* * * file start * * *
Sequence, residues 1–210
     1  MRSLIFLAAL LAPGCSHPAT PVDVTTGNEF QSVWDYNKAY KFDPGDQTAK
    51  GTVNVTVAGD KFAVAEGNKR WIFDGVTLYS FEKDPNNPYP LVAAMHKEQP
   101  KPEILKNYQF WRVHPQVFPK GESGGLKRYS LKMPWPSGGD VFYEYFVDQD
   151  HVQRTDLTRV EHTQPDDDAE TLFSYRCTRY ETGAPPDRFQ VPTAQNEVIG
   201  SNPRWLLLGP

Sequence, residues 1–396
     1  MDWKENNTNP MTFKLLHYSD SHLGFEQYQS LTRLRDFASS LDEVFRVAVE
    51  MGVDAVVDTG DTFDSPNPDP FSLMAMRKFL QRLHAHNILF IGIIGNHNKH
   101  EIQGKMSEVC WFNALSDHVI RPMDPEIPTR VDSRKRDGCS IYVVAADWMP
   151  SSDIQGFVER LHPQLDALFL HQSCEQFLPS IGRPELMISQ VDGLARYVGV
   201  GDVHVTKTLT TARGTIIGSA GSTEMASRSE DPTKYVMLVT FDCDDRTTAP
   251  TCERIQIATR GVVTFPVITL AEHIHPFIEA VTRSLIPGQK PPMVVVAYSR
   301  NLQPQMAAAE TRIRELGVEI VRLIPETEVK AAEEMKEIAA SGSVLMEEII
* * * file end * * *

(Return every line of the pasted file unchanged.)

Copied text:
Sequence, residues 1–210
     1  MRSLIFLAAL LAPGCSHPAT PVDVTTGNEF QSVWDYNKAY KFDPGDQTAK
    51  GTVNVTVAGD KFAVAEGNKR WIFDGVTLYS FEKDPNNPYP LVAAMHKEQP
   101  KPEILKNYQF WRVHPQVFPK GESGGLKRYS LKMPWPSGGD VFYEYFVDQD
   151  HVQRTDLTRV EHTQPDDDAE TLFSYRCTRY ETGAPPDRFQ VPTAQNEVIG
   201  SNPRWLLLGP

Sequence, residues 1–396
     1  MDWKENNTNP MTFKLLHYSD SHLGFEQYQS LTRLRDFASS LDEVFRVAVE
    51  MGVDAVVDTG DTFDSPNPDP FSLMAMRKFL QRLHAHNILF IGIIGNHNKH
   101  EIQGKMSEVC WFNALSDHVI RPMDPEIPTR VDSRKRDGCS IYVVAADWMP
   151  SSDIQGFVER LHPQLDALFL HQSCEQFLPS IGRPELMISQ VDGLARYVGV
   201  GDVHVTKTLT TARGTIIGSA GSTEMASRSE DPTKYVMLVT FDCDDRTTAP
   251  TCERIQIATR GVVTFPVITL AEHIHPFIEA VTRSLIPGQK PPMVVVAYSR
   301  NLQPQMAAAE TRIRELGVEI VRLIPETEVK AAEEMKEIAA SGSVLMEEII